From time to time we are going to spotlight a Baton Rouge, La area breastfeeding mother. We’ll hear about her expectations, her challenges, and what she has learned. Each breastfeeding family has a unique experience, with different values and different goals. These experiences and goals may be different from your own, and that’s okay to recognize. May you be inspired by their achievements, may you feel comforted in their similar struggles. Here is a window into another journey.
Brittany is the mom to a sixteen month old little girl. She manages the office for a local crane company and her husband is a tugboat captain, working on the Mississippi River. Before having her sweet girl, she took a hospital breastfeeding class. Her best friend nursed her child through eighteen months and Brittany looked to her for support. Breastfeeding turned out to be more challenging than she was expecting. She enlisted the help of a pediatric dentist and a speech therapist.
“The first month of my daughters life was very rough and exhausting – more so than the normal newborn. She was constantly screaming in pain and would never sleep. I only slept maybe a total of 10 hours for the first week of her life. We discovered that she had a lip and tongue tie and that her latch was shallow. We saw a pediatric dentist for the diagnosis of the ties, who sent us to speech and feeding therapy. The pediatric dentist felt that the ties weren’t severe enough to do a frenectomy, but wanted an opinion from the SLP. The SLP worked with us on my daughters gag reflex (reason for her shallow latch) for 2 months while I was on maternity leave. Although therapy did help, her latch was still pretty shallow after all was said and done. I’m not sure if I just became used to her latch and the pain associated with it, but it never really bothered me after a while.”
Brittany kept going, even when she returned to work.
“After a few months of me back at work, she started to prefer the bottle. I tried everything that was recommended (pacefeed, slow flow, etc). This was around 4 months, and she never really nursed again during the day. As she got older, it got harder because she is very easily distracted. She continued to nurse while she was sleepy (mornings and ALL night), but would not during the day. This put a huge strain on me while at home with her in the evenings and on weekends. My husband works on the river and I was by myself with her a lot. Not only was she extremely high-needs, this just added fuel to the fire. Most nights I had to get my mom or MIL to come watch her while I pumped and showered because I wouldn’t have been able to otherwise.”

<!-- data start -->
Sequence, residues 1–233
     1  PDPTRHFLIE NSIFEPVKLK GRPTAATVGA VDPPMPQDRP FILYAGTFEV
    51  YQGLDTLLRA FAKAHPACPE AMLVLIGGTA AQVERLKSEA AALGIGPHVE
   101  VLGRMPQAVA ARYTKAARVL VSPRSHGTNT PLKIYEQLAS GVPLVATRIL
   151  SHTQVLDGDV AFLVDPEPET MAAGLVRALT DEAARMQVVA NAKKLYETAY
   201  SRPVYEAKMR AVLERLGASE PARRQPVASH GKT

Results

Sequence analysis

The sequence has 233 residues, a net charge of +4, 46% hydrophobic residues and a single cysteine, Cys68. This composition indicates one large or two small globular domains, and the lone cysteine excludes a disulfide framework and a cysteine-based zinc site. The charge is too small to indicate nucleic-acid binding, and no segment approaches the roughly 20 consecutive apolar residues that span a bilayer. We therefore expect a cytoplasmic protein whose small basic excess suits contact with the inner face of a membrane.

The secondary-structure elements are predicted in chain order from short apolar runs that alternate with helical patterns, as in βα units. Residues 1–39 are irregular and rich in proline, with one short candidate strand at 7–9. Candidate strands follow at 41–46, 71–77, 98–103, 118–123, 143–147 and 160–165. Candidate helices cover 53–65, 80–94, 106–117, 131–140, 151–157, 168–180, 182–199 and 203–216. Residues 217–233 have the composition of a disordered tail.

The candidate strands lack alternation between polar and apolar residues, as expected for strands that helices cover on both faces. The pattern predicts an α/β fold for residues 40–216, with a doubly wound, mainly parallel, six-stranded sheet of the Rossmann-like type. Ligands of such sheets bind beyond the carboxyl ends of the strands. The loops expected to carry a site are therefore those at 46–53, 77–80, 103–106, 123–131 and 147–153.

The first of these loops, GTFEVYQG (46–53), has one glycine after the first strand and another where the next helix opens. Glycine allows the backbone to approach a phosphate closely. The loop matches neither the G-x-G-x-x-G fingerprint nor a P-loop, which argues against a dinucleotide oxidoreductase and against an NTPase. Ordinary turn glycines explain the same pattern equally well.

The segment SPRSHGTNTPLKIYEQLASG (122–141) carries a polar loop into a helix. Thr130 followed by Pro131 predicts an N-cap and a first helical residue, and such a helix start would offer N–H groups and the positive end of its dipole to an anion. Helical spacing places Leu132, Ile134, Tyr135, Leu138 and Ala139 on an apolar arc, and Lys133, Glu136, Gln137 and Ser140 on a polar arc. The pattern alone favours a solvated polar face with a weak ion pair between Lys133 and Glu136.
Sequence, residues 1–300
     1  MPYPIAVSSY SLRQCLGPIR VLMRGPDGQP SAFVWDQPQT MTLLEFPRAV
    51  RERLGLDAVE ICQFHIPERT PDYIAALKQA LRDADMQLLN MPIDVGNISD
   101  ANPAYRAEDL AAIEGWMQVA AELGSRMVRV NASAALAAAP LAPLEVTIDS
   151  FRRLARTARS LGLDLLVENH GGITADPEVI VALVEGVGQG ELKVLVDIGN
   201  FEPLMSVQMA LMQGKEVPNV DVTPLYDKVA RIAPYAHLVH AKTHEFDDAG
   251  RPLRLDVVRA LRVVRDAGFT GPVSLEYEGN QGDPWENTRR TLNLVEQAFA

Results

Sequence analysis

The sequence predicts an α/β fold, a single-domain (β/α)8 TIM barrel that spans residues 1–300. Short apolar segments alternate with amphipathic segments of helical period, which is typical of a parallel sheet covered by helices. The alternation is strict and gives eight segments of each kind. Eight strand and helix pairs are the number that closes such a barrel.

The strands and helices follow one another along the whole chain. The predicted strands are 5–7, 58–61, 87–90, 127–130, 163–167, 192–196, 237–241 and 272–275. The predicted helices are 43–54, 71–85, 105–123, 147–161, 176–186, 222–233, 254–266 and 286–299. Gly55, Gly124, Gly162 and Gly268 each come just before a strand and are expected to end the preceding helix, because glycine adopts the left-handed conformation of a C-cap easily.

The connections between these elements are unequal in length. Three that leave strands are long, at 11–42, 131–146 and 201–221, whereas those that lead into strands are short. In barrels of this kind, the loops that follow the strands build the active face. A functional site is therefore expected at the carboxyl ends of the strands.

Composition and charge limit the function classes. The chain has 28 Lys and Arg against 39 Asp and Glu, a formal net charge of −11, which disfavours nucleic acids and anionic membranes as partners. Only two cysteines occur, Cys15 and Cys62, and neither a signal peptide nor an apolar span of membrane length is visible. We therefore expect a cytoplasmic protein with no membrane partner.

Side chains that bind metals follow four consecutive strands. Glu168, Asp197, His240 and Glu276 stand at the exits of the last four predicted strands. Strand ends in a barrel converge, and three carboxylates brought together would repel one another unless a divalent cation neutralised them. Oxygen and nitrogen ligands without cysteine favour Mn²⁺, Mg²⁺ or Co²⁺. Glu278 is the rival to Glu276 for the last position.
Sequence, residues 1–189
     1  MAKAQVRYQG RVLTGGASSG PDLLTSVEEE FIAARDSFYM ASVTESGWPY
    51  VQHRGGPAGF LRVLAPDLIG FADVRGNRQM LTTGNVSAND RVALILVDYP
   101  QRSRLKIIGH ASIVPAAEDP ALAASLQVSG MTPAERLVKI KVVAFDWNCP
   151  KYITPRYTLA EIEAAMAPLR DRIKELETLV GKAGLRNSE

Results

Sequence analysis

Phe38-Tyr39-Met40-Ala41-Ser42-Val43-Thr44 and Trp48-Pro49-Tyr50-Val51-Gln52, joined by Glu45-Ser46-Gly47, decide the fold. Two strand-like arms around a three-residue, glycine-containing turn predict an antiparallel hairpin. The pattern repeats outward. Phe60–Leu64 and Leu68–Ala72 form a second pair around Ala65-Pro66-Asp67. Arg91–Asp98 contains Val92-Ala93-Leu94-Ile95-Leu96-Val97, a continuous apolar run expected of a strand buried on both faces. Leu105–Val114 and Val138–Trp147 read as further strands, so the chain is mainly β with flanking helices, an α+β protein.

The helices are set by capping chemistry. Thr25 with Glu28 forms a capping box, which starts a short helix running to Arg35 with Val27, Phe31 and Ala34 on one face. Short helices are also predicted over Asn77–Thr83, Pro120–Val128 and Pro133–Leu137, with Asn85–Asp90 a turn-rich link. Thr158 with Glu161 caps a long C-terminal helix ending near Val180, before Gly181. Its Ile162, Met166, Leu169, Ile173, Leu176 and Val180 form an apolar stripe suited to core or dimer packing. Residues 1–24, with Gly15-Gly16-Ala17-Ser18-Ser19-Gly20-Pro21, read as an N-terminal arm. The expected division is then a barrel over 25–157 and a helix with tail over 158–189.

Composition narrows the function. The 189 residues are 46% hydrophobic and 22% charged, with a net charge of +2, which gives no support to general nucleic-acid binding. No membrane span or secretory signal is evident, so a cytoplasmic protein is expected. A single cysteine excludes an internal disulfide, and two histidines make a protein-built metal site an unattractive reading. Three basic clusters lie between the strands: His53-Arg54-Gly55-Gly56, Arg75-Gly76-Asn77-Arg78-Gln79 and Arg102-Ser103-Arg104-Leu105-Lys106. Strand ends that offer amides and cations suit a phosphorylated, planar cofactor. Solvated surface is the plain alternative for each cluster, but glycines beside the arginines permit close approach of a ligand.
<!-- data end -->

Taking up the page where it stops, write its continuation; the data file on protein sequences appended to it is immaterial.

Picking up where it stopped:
Thankfully she wasn’t afraid to ask for help from her family. Her work environment was also key to keeping her going. Brittany managed her goals and expectations day by day and was able to provide breastmilk to her daughter for fifteen and a half months!
“I wanted to give up just about every single day because it was so much harder than I ever thought possible. How can something so natural be so difficult? I thank God for a great boss who’s wife breastfed 3 kids, so he understood my need for pumping, and for great support at home. I wouldn’t have made it past leaving the hospital without them. Everyone sets a goal – I was literally taking it day by day because that’s all I could do. We made it to 15.5 months and I stopped for my health, she would’ve kept going. I’m so incredibly proud of how far we came. I wanted to give my baby girl the very best that I could and it is worth everything we went through.”
Should they be blessed with another baby, Brittany feels confident she is prepared to expect the unexpected.
“I think with anything in life, you wish you knew more about certain things before getting into them. No one can prepare you for what you’re going to endure because there is no telling how your experience will be. I think I knew as much as I could before giving birth, but with experience comes knowledge, and I know a significant amount more than before. I’m well prepared for my next child if we’re blessed again.
Never stop on a bad day. Pumping is breastfeeding. It is so worth it! It is okay to take care of yourself first if need be.”
Keep this sage advice in mind when you’re having a rough moment – never stop on a bad day. And if you’re having a bad day – reach out for help! Support is right here.